“So is a data product just anything that has to do with data?” I didn’t get this question from anyone. Instead, it is something that I’ve been struggling with from the moment I started writing this newsletter. The truth is, I’m not sure exactly how to draw the line, though I’ve tried in some previous posts. As I read more about data product and discuss it with others, I’ve started asking a different question - what is the value proposition of data for your product, and how does it lead to improving the product? Here’s why I’ve done that.
About two months ago, I met with a former colleague and as we discussed data product, we started honing in on the idea of how to make a product better. This was specifically about a fraud detection system they were using for an e-commerce related platform. We got around to the discussion of “how to make this product better”. After an hour long discussion, the list of improvements was almost entirely based on model improvements, data quality enhancements and fraud methodologies. It had little to do with the end user experience. I think it is fair to say that the improvements for this product were mostly about the data and models underlying it, rather than any UI or experience.
Contrast this with some of the work I’ve done on experimentation in the past few years. In these situations, there are certainly key improvements to make on the underlying data and metrics (there is always room to do it better). There is a need to ensure allocation is happening correctly and ways to check that the data logging is happening in the ways we’d expect. Yet many of the discussions around improving experimentation also focus on the end user experience. I’ve been part of many discussions about how to make it easier for new users to launch trustworthy experiments. Product improvements are often about the UI, about reading out the results, or providing users more insight into what is happening with an experiment.
I give these two examples above to say that it is easy to define both of the above products (fraud detection system and experimentation platform) as data products. The key question to me is that if you have a data product you must be intentional about what it means to improve the product. “Building better data products” isn’t always about the data and it isn’t always about the user experience. But it could be either (or both in some cases). This is where the role of a data product manager is critical. You must be the person to answer “what does it mean to make this product better” and “what do we need in order to do this”.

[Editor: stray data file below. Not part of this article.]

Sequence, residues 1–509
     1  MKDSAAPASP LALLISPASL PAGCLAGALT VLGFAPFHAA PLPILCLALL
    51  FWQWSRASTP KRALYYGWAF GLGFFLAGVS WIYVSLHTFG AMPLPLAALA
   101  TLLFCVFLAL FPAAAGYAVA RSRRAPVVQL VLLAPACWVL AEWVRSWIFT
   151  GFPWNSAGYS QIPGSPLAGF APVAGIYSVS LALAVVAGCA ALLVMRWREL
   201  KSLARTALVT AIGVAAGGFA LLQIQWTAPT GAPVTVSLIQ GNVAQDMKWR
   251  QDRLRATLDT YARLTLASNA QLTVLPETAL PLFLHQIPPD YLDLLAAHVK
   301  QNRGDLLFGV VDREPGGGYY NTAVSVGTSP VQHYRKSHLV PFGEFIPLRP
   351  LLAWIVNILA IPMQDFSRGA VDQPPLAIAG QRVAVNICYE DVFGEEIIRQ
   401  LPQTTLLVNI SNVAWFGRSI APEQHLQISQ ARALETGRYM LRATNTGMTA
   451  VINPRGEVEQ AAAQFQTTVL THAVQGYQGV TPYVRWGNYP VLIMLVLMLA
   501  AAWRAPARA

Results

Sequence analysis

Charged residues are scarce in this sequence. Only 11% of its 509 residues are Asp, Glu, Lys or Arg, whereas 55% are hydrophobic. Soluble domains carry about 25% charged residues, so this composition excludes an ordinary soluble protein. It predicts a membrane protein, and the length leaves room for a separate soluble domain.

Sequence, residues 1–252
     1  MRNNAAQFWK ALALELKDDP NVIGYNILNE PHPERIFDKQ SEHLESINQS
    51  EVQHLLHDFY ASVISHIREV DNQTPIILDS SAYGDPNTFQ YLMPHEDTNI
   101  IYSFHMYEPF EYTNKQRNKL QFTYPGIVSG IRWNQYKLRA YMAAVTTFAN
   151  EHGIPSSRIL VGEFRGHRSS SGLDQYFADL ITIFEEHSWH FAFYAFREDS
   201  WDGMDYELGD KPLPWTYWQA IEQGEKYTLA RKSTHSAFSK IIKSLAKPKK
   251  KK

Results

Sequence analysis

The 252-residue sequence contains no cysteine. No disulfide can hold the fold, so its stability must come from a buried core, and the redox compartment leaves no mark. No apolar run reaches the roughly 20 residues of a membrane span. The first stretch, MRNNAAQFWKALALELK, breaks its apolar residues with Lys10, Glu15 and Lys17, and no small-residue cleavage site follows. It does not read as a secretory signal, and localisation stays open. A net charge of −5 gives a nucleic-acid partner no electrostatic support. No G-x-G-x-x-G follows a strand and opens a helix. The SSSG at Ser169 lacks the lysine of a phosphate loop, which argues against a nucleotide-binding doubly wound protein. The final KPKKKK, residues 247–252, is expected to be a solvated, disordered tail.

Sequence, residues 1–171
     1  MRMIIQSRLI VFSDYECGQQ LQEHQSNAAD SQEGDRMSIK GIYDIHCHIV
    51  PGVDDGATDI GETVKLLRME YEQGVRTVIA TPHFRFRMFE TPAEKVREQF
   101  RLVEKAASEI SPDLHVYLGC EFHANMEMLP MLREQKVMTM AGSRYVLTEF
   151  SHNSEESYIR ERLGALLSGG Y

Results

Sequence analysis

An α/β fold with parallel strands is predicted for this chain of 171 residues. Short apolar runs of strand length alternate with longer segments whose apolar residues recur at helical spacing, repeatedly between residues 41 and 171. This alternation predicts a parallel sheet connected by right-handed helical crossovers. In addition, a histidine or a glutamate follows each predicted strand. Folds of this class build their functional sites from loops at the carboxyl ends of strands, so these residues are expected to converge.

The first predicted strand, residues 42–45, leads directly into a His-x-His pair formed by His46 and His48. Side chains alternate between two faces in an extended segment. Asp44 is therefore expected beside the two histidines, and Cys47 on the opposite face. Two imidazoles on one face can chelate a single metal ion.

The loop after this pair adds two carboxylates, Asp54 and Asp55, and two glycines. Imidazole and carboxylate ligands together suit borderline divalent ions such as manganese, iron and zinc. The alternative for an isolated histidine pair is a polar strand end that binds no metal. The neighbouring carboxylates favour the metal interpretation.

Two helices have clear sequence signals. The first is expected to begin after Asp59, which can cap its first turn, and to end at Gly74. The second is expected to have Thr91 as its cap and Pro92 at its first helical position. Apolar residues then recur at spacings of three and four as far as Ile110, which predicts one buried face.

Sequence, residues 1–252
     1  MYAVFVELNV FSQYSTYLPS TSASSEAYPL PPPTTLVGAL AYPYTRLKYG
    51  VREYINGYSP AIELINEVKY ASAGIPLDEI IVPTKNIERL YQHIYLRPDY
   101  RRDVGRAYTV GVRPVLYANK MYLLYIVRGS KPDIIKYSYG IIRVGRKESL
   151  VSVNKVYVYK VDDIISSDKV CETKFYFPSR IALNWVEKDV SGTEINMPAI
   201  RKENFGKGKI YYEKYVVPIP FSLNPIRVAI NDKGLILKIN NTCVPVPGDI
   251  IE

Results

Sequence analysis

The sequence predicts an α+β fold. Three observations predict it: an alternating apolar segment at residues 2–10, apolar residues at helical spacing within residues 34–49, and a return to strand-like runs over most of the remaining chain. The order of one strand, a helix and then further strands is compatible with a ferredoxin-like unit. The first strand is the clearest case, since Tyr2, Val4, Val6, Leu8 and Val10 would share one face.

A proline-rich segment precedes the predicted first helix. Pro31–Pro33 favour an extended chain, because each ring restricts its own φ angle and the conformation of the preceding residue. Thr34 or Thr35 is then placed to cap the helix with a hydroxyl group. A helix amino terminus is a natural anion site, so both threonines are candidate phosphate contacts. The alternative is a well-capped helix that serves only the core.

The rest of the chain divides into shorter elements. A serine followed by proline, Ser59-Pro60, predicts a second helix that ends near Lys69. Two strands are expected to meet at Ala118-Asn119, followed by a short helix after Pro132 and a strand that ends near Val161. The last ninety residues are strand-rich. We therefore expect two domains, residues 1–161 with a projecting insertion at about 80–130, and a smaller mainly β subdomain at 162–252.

In a time where companies are crunched for budget and prioritization is the key to success, there isn’t room to do everything. Most likely, you won’t be able to make everything as good as you want it to. So let’s say you’re in a situation where you have one hire to make. You have 10 things you’d like to make better. Do you need a data scientist? Do you need a platform engineer? Do you need a UX designer? You probably can’t have all three and if you find someone who is all 3, well, please let me know because I’d like to hire them :)
In these newsletters, I typically try to include 5 points or things to think about. But today, I’ve just got one: look at the product you are responsible for. Look at the list of things you wish could be better about it. Then cut that list down to 1 thing. Yes, just one. It might not have anything to do with improving the data and everything to do with the product experience itself.
Why am I taking the time to say all of this? Because the key to being a data product manager is knowing when it isn’t all about the data. At some point, you may get no improvement from technical enhancements. In the coming 12-24 months, we’ll only get to do fewer things, not more. It won’t be all about the data, even if your job is to own a data product.